Grammar and Vocabulary Topics
Increasing your vocabulary and memorizing important grammar patterns will go a long way towards helping you speak confidently. But, especially if your language partner is a native speaker, he or she may not be aware of what you need to learn!
Check out the topics below and make a list of what you would like to learn from your language partner. He or she would probably like to learn these things from you, too!
For example: counting objects, telling time, telling the date, adding and subtracting, telling age, and some games all use numbers
Basic adjectives and nouns
How can you describe objects using color and size?
You and your partner could describe objects to each other and guess what they are!
Commonly-used verbs, tenses, and conjugations
What do you want to do? When do you want to do it? What are others doing? You can talk about your hobbies or daily schedule with your language partner all while practicing verbs, verb tenses, and conjugations.
Learning just a few adverbs and how to use them can help you sound much more natural!
Make a list of words or sentences with words that rhyme or sound similar in your language. Ask your partner for some words that sound the same in his or her own language. Try to pronounce the words or sentences correctly and ask your partner if he or she can hear the difference!
Extend your vocabulary
Often, just reading the definition of a word is not enough to tell you how native speakers naturally use the word. Make a word list of vocabulary that you would like to use and ask your partner to help you make sentences that correctly use the words.
Topics for improving your fluency in spoken language:
Language exchange is really fun when you have something to talk about! Here are suggestions for topics that you and your language partner can help each other practice.
Introducing yourself! Ask about family, friends, and hobbies. This is the first anyone will ask about you, so practicing a good self-introduction now will really impress people later! You and your language partner can practice introducing yourselves, friends and family members, or even each other!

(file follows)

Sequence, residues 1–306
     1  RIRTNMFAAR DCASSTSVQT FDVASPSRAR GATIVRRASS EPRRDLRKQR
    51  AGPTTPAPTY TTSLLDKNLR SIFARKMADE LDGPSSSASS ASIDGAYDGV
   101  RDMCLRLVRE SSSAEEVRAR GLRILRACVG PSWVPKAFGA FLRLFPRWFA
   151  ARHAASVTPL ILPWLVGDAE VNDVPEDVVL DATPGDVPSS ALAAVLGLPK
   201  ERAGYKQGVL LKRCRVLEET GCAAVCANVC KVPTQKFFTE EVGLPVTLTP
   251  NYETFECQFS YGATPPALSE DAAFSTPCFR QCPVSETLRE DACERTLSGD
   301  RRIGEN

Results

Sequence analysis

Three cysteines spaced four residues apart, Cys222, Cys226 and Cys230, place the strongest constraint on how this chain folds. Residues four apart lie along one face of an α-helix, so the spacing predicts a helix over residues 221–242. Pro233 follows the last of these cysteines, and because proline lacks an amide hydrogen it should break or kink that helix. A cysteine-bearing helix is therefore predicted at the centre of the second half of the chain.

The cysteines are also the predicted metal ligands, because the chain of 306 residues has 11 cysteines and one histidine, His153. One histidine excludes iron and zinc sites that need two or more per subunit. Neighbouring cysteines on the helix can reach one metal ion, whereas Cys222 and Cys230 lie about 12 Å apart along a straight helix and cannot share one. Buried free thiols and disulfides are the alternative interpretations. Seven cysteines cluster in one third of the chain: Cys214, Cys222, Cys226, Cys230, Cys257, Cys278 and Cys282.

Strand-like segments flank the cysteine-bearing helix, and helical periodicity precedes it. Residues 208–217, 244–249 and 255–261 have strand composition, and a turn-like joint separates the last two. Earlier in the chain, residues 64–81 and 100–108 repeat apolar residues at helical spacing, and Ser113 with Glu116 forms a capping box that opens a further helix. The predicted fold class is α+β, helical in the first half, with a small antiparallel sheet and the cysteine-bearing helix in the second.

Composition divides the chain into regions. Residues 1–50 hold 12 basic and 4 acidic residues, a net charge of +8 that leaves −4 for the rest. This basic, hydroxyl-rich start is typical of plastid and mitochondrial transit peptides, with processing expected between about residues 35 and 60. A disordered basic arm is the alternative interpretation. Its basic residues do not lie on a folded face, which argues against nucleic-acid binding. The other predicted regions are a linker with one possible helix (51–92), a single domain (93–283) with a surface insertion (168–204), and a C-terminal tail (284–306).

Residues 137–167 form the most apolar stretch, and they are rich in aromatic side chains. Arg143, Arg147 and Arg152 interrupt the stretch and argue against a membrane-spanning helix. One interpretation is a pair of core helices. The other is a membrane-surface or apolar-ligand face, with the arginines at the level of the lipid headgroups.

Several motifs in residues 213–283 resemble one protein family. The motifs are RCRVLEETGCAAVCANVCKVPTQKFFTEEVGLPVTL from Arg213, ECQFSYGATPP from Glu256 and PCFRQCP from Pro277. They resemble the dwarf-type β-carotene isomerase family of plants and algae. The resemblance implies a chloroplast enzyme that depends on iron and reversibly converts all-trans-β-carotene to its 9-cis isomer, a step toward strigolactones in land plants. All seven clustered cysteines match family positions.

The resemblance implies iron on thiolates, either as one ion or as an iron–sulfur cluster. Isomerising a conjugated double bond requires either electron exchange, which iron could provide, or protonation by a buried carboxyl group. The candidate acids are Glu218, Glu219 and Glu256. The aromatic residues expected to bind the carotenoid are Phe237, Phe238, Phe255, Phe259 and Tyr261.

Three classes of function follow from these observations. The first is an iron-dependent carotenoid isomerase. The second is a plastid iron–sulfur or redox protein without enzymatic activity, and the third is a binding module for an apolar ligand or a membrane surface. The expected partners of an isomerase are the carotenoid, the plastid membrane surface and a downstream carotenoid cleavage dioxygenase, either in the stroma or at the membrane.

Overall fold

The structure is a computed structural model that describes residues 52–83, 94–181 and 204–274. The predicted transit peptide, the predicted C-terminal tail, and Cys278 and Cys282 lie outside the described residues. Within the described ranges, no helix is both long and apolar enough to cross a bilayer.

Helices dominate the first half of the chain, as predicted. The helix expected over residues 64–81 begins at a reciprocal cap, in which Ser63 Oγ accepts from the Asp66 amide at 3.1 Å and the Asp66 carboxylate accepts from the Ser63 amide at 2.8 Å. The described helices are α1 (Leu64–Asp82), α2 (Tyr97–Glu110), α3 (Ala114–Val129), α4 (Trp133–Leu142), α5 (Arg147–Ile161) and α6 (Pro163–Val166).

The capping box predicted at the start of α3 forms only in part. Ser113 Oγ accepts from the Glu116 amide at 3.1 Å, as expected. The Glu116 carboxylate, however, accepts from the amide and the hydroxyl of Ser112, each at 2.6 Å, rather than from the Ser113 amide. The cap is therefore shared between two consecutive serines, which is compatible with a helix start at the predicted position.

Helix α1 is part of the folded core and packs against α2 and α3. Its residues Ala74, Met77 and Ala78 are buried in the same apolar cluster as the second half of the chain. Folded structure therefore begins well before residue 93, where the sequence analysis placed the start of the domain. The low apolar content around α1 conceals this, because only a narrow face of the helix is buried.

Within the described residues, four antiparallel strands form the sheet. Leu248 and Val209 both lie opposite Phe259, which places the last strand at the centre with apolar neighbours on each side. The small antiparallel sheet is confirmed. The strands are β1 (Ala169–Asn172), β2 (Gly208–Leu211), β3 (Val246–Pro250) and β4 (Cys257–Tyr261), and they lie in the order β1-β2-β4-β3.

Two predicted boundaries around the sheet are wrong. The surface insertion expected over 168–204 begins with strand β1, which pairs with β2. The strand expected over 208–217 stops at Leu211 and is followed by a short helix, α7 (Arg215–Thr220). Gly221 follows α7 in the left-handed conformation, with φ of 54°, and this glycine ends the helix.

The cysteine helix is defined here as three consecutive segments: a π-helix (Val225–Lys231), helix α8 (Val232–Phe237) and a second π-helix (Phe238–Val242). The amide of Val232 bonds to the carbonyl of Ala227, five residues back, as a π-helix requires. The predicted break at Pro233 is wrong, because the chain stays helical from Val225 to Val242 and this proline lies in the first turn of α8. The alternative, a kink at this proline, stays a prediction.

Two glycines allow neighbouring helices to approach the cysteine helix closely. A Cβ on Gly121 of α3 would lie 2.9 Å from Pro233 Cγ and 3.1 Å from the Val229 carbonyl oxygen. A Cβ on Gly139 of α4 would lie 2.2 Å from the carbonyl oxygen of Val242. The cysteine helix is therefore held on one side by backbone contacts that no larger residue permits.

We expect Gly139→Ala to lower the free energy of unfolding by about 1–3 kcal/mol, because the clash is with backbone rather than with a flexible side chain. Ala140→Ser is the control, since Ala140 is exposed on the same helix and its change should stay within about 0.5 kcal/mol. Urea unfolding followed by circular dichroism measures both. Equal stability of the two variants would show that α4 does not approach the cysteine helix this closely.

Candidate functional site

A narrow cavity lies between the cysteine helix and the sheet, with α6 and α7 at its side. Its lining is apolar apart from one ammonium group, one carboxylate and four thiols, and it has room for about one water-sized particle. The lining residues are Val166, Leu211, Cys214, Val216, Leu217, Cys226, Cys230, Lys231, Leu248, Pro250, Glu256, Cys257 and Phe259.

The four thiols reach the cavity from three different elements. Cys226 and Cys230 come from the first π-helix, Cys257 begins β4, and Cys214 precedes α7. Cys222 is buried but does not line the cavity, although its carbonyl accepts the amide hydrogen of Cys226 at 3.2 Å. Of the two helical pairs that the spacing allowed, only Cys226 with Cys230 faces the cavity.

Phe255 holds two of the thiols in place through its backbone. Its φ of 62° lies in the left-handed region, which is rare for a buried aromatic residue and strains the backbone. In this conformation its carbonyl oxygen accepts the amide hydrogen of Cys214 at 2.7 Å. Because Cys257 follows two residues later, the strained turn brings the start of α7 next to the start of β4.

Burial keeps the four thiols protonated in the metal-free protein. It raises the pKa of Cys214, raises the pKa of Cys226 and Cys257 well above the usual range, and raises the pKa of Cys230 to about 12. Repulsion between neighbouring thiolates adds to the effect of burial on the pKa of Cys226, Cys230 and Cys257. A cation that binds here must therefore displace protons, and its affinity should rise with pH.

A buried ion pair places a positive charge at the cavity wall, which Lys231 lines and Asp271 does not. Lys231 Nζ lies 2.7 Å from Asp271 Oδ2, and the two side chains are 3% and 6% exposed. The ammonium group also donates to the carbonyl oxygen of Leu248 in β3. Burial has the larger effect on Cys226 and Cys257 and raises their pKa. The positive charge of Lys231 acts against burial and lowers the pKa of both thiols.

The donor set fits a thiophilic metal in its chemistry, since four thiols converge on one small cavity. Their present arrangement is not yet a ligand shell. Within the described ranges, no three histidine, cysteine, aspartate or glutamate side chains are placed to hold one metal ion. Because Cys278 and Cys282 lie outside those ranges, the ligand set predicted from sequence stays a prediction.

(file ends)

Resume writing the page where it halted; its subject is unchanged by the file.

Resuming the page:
Compare cultural differences
You and your language partner probably live in different places. What is it like? What do you usually do? What are the social customs, holidays, eating and drinking habits, educational systems, living situations, and landscapes like where you each live? What things are the same, and what is different? You can learn a lot about your language partner's culture, and remember, many things about your culture might be surprising to your language partner! But, be careful though not to ask your partner to discuss anything that makes them feel uncomfortable. Be culturally sensitive and understand that some topics may not be polite to discuss openly unless you already know your language partner very well.
Expressing your opinion
Knowing how to express your opinion on something and being able to understand others' opinions is a great motivation for learning! To keep your exchange fun and interesting without making anyone uncomfortable, try to avoid topics like religion or politics and focus on less sensitive topics instead. You can trade opinions about your favorite foods, music, sports, arts and entertainment, etc.
If you’re not sure how to begin, try “What’s your favorite ….?” and then ask, “Why?”
Find a common interest
Even in your native language, talking is more fun when you’re talking about a topic you really like! Make a list of topics you enjoy talking about and ask your partner what he or she likes to discuss. Find your common interests and help each other learn to talk about these things. If there is a good website about this topic, you can share the link and talk about things on the website together. For example, if you both like music, you and your language partner could discuss the lyrics of your favorite songs. Talking about something fun will keep your sessions interesting and help you learn more quickly!
Remember to help and encourage your language partner when he or she is struggling, and be prepared to try answering when it is your turn to be asked. You may feel nervous at first, but this is common and as you continue asking and answering questions and helping yourself and your partner improve, you will feel more confident. Together, you and your language partner can have a lot of fun AND help each other reach your language goals more quickly!